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Will Washington Ever Cut Spending?
Nearly every Democrat and too many Republicans cannot grasp a concept self-evident even to a Cuban Communist.


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Deroy Murdock

Raul Castro is right.

The powerful brother of dictator Fidel Castro is almost always wrong. But he was perfectly right when he told comrades in Camaguey, Cuba: “No country has the luxury of spending more than it has.”

Even now, as America slouches toward the fiscal cliff, House Speaker John Boehner (R., Ohio) and leading Republicans seem ho-hum about limiting federal expenditures and restraining a government gone crazy. Obama and top Democrats are downright allergic to these concepts. Too bad this Cuban tyrant’s rare words of wisdom escape Washington’s spendaholics.

There are billions of ways to shrink the $3.8 trillion federal budget. Let’s start with these:

First, the Mack Penny Plan, created by outgoing Congressman Connie Mack (R., Fla.), would cut a penny from each dollar that Uncle Sam spends each year, for eight years. In 2013, Congress would spend 99 cents per dollar disbursed today; in 2014, 98 cents, etc. Rather than consume 24.3 percent of Gross Domestic Product today, federal spending in 2020 would be capped at 18 percent, just below the 18.2 percent at which Bill Clinton left it.

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Such steady reductions, spanning nearly a decade, finally would lasso the spending monster. Washington policymakers should be able to prioritize and reallocate funding within a predictable, slowly decreasing budget.

Second, Washington should terminate antiquated and extraneous programs.

FDR launched the Rural Electrification Administration in 1935 to bring power to Appalachia. It morphed into the Rural Utilities Service and now spends taxpayer dollars to bring wind turbines and broadband Internet to the countryside, including an $81.6 million gift to VTel Wireless. Now that Appalachia has been electrified since at least 1960, let’s declare, “Mission accomplished,” thank the staff, retire them, and sell their offices.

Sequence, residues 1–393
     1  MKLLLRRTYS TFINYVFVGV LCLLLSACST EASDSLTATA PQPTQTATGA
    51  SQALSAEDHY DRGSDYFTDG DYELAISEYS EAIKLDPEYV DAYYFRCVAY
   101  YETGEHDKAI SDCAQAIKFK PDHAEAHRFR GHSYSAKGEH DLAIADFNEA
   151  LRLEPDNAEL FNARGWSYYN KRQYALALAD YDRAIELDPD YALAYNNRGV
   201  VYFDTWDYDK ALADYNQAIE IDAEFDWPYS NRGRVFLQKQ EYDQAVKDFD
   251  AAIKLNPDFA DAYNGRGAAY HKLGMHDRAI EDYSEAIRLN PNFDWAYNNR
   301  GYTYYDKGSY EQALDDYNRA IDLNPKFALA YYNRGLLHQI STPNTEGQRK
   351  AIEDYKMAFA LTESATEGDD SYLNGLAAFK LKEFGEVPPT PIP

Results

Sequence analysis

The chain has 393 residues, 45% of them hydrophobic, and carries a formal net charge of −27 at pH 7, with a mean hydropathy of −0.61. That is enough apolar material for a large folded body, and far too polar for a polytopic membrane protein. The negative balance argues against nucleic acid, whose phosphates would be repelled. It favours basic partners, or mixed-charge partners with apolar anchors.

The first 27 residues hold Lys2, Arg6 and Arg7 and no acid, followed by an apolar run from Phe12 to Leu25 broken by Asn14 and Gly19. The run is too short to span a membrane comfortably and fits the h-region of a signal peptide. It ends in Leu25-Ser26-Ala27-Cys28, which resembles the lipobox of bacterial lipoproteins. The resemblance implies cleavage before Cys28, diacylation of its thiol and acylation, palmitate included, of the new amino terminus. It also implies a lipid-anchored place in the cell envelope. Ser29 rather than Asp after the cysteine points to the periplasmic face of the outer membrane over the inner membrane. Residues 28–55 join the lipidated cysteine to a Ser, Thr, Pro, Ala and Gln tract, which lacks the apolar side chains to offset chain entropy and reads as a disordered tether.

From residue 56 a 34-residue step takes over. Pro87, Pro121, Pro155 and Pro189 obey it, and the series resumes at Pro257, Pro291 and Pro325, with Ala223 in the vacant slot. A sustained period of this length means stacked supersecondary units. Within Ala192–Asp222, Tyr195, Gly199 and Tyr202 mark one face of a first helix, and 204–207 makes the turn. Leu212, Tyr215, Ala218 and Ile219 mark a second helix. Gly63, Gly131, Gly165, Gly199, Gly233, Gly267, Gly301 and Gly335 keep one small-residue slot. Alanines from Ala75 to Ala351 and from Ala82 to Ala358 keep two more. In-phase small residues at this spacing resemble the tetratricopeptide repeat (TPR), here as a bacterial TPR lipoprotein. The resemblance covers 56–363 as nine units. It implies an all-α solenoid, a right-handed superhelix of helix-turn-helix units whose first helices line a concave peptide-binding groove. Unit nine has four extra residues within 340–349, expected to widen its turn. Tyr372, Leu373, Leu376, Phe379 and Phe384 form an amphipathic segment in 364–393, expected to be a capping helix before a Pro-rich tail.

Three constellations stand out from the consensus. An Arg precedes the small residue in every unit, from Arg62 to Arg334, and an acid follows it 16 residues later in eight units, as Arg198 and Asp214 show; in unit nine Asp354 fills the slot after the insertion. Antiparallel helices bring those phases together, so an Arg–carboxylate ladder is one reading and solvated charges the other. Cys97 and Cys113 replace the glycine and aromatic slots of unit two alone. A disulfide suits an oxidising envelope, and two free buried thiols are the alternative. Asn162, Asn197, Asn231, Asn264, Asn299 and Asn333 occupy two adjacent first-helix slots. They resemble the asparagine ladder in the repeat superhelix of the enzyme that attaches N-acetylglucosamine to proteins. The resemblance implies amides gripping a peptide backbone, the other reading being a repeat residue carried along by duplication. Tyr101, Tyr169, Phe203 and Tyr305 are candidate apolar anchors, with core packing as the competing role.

Except for food-safety inspections, the Agriculture Department creates little value. Americans can thrive without agrocrats dictating sugar prices and paying farmers some $1.8 billion annually not to farm. Food growers and eaters can manage without Washington’s relentless interference.

Washington expands affordable housing, so millions of Americans can buy homes, and simultaneously supports housing prices, so millions of Americans can enjoy precious nest eggs. Which is it? Washington should close the Department of Housing and Urban Development and exit the housing sector, which it nearly demolished in 2008.

Launched in 1970, the Public Broadcasting Service challenged the three original broadcast networks, back when many TVs received just 13 channels. Today, anyone unhappy with ABC, CBS, or NBC can watch C-SPAN, the History Channel, National Geographic, Turner Classic Movies, and literally hundreds of other culturally enriching cable channels. Thousands of DVD titles offer tremendous educational and artistic value. And don’t forget books. PBS and Jim Lehrer will survive once they fully depart the federal dole and let donations and other non-government money finance 100 percent of their budget rather than a mere 85 percent, as they do today.



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